In approximately 3 months of training, I experienced my shoulder ‘thawing’ or regaining much mobility. By the time of completion, the course of my recovery was about 90%. In this paper, I will describe how BASI and its Block system healed a debilitating condition known as Adhesive Capsulitis. The BASI Block System contains the important components of strengthening and stretching with alignment based movement, which allowed me to rapidly and stretching with alignment based movement, which allowed me to rapidly and progressively improve the mobility and health of my shoulder through a whole body system of exercises.

Conditioning Program

Since frozen shoulder is essentially a weakened joint with resulting inflammation, the strengthening aspect of the following exercises (laid out in the Block system form) were paramount to the restoration of the joint. Another important component for increasing range of motion is stretching. Stretching is beneficial for overall conditioning and amazing for releasing and elongating the entire shoulder both anteriorly and posteriorly.

The Pelvic Curl – strengthens the entire core (and to some degree the extremities) through the co-contraction of the back extensors and transverses abdominus including the rear deltoid for stabilization of shoulders. It also gave a lot of relief through the stretching of the spine and all the muscles, tendons and connective tissue involved in the exercise.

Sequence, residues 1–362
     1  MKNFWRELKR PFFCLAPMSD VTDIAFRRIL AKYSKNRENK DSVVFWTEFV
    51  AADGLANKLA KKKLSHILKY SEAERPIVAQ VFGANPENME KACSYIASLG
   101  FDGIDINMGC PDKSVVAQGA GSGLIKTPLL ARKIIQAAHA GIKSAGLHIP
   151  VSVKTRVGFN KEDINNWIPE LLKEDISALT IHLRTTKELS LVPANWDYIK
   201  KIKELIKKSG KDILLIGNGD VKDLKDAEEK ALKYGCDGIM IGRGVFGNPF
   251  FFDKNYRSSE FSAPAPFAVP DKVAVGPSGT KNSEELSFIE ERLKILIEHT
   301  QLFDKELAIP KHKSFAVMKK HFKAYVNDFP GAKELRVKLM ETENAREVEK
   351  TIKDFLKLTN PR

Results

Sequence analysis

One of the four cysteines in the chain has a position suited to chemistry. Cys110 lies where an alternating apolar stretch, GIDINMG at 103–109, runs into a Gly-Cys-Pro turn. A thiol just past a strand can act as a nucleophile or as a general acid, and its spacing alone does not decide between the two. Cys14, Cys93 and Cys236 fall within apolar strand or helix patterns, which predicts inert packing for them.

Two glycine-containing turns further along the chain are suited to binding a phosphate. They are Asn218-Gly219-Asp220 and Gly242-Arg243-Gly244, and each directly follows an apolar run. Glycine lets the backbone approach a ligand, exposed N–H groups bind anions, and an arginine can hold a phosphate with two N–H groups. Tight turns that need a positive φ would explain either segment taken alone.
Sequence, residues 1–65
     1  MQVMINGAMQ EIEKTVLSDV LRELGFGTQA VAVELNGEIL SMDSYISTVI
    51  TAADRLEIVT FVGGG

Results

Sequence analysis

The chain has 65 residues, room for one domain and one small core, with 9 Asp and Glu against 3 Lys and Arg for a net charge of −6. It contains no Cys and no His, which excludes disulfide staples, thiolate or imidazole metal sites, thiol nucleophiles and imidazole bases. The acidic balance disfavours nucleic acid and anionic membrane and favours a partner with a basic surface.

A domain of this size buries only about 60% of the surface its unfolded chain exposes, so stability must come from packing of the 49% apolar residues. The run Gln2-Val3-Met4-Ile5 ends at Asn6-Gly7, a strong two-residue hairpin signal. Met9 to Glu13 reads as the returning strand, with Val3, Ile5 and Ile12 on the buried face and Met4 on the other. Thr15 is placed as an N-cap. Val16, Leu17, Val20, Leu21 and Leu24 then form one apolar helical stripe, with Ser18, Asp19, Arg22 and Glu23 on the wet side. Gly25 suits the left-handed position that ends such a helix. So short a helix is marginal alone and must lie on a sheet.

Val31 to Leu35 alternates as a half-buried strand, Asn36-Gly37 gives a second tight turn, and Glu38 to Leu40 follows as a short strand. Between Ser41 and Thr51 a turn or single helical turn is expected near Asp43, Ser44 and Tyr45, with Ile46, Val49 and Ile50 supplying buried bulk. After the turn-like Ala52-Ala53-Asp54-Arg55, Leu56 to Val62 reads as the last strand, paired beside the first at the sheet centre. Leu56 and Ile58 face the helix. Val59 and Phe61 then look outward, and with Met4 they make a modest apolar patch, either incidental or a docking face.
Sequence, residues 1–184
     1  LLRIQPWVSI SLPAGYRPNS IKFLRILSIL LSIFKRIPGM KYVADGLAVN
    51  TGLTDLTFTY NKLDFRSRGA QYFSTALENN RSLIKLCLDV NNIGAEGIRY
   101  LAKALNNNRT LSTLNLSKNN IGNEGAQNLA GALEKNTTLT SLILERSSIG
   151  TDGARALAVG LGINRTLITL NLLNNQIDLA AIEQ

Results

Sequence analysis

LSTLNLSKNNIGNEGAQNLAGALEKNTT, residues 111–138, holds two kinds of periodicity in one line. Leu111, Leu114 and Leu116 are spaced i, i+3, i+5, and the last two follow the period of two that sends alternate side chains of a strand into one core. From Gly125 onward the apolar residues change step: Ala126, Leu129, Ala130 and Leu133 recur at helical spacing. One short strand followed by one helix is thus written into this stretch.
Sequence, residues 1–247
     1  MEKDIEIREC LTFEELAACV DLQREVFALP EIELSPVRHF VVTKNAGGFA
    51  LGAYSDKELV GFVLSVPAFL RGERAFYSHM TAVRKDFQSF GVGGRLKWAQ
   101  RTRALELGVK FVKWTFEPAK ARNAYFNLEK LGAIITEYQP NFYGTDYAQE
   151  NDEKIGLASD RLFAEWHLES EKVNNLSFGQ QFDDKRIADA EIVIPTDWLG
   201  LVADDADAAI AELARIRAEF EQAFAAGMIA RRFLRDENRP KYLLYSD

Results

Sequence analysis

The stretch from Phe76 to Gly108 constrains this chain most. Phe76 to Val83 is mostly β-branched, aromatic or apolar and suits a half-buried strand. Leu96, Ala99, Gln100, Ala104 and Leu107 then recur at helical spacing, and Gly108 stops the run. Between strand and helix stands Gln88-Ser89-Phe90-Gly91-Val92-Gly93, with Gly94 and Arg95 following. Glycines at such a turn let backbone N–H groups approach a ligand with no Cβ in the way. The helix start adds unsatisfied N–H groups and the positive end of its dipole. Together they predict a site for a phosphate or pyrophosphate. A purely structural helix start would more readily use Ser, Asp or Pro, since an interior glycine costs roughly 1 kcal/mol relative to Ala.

Supine Twist – stabilizes shoulders, stretches back and strengthens core.

Chest lift

Chest lift with rotation

Foot Work
The Wunda Chair – demands the co-contraction of the abdominals and back extensors. This requires the entire torso, including the shoulder girdle to stabilize and elongate. Only some of the optional arm positions were possible at first.

Abdominal Work
Cadillac Mini Roll Ups and Mini-Roll-Ups Oblique – both exercises strengthen the abdominals while utilizing sustained shoulder stabilization.
Roll-Up Bottom Loaded – helped to strengthen shoulder throughout a range of motion.

Hip Work
Frog / Walking / Bicycles – require stabilization of torso and shoulder girdle.

Spinal Articulation
Tower Prep / Tower – There was immediate relief and increased mobility of shoulder through any spinal articulation exercise. This seemed due to the positioning of the shoulder and the added pressure of the push-through bar and the deep stretch of the spinal extensors, Latissimus Dorsi and Posterior Deltoid.